Truck News


Northerners know a thing or two about safety

THUNDER BAY, Ont. - Northwestern Ontario's trucking community has banded together with the police and the government in a fight to make the region's highways safer.The Highway Safety Education Committ...

FOOD FOR THOUGHT: The safety group has produced educational place mats.
FOOD FOR THOUGHT: The safety group has produced educational place mats.

THUNDER BAY, Ont. – Northwestern Ontario’s trucking community has banded together with the police and the government in a fight to make the region’s highways safer.

The Highway Safety Education Committee was formed after John McKevitt, who operates the 135-tractor fleet McKevitt Transport, was awestruck by the number of deaths connected to heavy-vehicle traffic. A total of 16 people were killed in a three-and-a-half month stretch starting in October 1999.

“Back last winter, when all of these accidents started, (the company) had a number of drivers that had had some close calls with some of these other vehicles – mostly other trucks – and they started quitting, because they didn’t want to be out on the highway,” McKevitt says. Noting that it is particularly hard to get long-haul drivers since the area’s population is so small, McKevitt began networking.

“I started trying to get some people, like the law-enforcement people, to start cracking down on these irresponsible drivers,” he says. “I phoned them and said ‘What can we do?'”

One of the people McKevitt called was Ontario Provincial Police (OPP) traffic staff sergeant Bob Beatty. With several people in the trucking community, such as Trimac Bulk Systems’ safety manager Doug Cettina, as concerned as McKevitt, Beatty in February 2000 pushed to form the group.

As Beatty puts it, the committee’s mandate is, “through partnerships, to identify road-user safety issues, (and) develop and implement strategies to reduce the number of collisions, injuries and deaths on the highways of Northwestern Ontario.”

Today, its membership includes the Northern Ontario Log Haulers Association and the Thunder Bay District Health Unit, as well as a number of trucking companies.

“The whole goal of it is for education, and safety, (and) to reduce the number of fatalities and personal injury accidents in Northwestern Ontario,” explains Beatty.

Tom Marinis, a Ministry of Transportation official who is with the group, notes that all the fatalities have been due to the person behind the wheel, and not due to the state of the roads. “It’s a fact that it’s always the driver.”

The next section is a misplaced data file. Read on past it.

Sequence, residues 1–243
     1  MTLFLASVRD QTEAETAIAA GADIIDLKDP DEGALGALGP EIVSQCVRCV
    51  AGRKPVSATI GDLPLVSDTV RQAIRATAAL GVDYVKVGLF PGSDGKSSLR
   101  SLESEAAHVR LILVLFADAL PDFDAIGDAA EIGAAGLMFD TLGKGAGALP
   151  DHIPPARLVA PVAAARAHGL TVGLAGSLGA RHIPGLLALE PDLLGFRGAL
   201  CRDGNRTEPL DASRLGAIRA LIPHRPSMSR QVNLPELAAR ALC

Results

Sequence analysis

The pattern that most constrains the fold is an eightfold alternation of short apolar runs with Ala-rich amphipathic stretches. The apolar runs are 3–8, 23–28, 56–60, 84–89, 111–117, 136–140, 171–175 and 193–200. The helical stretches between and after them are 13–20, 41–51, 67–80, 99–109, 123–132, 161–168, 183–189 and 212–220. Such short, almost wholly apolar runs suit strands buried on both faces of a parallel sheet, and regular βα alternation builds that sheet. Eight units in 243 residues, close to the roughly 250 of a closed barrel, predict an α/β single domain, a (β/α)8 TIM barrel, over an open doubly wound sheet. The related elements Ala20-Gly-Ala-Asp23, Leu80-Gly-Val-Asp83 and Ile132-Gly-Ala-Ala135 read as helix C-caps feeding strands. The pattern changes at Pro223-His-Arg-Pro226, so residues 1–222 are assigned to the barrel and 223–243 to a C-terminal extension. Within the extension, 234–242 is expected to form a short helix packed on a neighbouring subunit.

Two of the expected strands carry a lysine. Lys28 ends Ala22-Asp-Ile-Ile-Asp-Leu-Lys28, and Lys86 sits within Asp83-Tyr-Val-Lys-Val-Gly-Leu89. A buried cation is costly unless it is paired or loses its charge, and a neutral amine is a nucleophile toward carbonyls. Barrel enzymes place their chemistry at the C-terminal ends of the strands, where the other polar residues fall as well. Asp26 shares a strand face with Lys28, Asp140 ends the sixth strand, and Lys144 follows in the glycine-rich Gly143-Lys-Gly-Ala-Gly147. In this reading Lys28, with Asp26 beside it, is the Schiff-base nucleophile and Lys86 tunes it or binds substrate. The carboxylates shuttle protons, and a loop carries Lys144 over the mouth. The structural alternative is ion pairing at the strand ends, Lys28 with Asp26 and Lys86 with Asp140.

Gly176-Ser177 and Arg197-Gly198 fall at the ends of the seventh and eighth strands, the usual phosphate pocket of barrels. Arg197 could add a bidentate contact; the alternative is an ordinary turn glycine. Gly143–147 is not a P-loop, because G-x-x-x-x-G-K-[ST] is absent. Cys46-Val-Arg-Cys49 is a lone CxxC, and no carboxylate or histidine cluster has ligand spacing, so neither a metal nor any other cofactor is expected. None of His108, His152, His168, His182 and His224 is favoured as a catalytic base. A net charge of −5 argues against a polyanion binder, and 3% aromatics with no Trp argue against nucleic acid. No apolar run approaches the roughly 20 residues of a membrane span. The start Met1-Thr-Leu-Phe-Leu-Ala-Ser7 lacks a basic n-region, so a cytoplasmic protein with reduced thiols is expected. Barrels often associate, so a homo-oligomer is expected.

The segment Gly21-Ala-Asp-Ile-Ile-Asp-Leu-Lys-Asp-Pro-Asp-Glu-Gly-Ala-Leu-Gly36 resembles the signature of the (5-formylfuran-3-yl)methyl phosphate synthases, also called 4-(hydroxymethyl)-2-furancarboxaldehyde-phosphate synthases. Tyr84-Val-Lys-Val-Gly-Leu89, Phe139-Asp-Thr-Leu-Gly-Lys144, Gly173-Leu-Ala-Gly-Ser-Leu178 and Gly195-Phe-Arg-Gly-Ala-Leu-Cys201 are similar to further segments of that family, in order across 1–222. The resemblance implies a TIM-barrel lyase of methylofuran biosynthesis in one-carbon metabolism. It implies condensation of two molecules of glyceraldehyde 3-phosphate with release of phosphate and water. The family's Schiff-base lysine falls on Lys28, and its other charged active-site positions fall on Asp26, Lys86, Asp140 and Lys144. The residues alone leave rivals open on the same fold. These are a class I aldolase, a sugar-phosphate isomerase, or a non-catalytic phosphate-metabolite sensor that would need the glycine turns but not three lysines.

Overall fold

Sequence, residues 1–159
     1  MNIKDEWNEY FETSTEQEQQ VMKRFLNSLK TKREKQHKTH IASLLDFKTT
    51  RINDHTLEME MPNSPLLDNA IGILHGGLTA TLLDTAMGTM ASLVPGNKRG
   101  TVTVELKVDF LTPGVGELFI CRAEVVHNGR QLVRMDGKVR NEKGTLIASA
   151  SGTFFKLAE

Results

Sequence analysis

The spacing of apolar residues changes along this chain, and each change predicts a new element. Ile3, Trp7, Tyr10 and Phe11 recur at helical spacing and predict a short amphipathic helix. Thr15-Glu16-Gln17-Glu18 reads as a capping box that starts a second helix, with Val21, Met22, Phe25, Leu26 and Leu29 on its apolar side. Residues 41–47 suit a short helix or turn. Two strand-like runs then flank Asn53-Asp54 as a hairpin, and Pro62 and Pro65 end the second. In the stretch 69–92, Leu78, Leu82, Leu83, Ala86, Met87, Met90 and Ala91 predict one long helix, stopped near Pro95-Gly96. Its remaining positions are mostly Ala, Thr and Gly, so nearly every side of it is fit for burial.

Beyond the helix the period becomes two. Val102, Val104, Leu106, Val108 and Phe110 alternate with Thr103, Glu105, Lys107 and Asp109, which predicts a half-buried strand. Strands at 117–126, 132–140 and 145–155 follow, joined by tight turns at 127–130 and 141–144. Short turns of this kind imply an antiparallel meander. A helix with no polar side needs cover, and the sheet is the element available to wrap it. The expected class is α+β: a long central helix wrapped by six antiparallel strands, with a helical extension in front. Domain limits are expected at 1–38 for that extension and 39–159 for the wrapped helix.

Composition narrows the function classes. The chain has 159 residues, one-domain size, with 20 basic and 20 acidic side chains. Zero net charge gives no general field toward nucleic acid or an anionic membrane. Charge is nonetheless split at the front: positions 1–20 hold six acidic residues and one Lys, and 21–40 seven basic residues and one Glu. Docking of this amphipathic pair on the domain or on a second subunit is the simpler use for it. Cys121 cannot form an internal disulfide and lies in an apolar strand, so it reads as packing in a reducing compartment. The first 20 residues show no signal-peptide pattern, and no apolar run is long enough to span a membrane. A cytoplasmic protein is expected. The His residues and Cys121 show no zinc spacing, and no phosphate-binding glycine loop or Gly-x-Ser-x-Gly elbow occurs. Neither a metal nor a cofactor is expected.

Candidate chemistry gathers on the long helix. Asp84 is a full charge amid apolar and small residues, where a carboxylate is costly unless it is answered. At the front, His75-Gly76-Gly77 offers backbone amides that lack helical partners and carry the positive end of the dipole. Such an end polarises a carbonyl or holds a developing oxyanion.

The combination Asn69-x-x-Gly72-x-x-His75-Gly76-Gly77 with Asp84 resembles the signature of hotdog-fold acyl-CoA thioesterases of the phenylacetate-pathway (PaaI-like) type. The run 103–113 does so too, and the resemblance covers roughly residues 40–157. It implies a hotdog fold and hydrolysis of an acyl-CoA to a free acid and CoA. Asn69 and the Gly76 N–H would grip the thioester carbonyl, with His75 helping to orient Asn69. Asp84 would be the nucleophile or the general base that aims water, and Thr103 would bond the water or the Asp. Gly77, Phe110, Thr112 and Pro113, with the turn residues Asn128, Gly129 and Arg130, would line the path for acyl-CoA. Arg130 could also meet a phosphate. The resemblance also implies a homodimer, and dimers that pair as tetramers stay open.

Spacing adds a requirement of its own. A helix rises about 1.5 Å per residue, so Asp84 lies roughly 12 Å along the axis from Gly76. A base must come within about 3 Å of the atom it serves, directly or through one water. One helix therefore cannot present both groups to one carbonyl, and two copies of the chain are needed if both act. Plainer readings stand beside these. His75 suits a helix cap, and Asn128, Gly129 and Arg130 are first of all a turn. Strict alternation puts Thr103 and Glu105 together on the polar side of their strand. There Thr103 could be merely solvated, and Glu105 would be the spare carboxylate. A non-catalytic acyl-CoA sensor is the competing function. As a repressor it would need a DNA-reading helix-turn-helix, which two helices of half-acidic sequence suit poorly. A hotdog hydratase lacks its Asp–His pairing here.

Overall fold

The committee, “saw the need there to address the aggressive driver: the aggressive truck driver and the aggressive motorist,” says Marinis.

Nevertheless, Hwy.s 11 and 17, in contrast to the 400-series highways in southern Ontario, are no more than two lanes, and are “undivided for the most part,” admits Marinis.

The two run virtually uninterrupted from Marathon in the east to Manitoba in the west; it takes 10 hours to drive from one end to the other.

The highways’ remoteness contributes to the hazards drivers must watch out for, such as wild weather and moose.

Beatty isn’t distracted by the region’s size but rather is focused on the task at hand. “This is going to be done through education, and enforcement, a combination of both,” he says. “The committee is very active.”

The time and effort put into the two efforts – education and enforcement – have already led to payoffs.

On the education side, the committee has published a poster, several brochures, and has distributed 19,000 place mats to restaurants along the route.

As for the enforcement, the OPP has boosted patrols and last year stopped 14,253 trucks, handing out 2,959 charges and 1,783 warnings. Beatty notes that his officers laid over 20,000 provincial offences, including 13,000 speeding tickets, against four-wheelers.

Anticipating a backlash, Beatty adds that many of the people complaining about the aggressive road-users, including truck drivers, are truckers themselves.

The strongest indicator of the group’s success – the number of fatalities – also points to success. Deaths involving commercial vehicles have declined to fewer than a dozen so far this winter.

McKevitt is happy to see that many of the drivers who quit the highways to work in the logging industry are starting to return to long hauling.

The committee is now mapping out a spring campaign, too. n

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